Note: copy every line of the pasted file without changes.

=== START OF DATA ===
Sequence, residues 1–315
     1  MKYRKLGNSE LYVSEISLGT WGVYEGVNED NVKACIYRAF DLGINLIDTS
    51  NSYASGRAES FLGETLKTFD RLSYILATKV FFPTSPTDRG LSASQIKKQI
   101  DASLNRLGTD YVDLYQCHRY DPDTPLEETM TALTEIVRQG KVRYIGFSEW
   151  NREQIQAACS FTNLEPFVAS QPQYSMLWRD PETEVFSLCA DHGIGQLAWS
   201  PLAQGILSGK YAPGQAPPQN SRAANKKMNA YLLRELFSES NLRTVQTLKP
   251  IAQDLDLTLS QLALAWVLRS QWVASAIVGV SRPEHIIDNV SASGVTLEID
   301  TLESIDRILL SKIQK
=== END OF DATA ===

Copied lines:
Sequence, residues 1–315
     1  MKYRKLGNSE LYVSEISLGT WGVYEGVNED NVKACIYRAF DLGINLIDTS
    51  NSYASGRAES FLGETLKTFD RLSYILATKV FFPTSPTDRG LSASQIKKQI
   101  DASLNRLGTD YVDLYQCHRY DPDTPLEETM TALTEIVRQG KVRYIGFSEW
   151  NREQIQAACS FTNLEPFVAS QPQYSMLWRD PETEVFSLCA DHGIGQLAWS
   201  PLAQGILSGK YAPGQAPPQN SRAANKKMNA YLLRELFSES NLRTVQTLKP
   251  IAQDLDLTLS QLALAWVLRS QWVASAIVGV SRPEHIIDNV SASGVTLEID
   301  TLESIDRILL SKIQK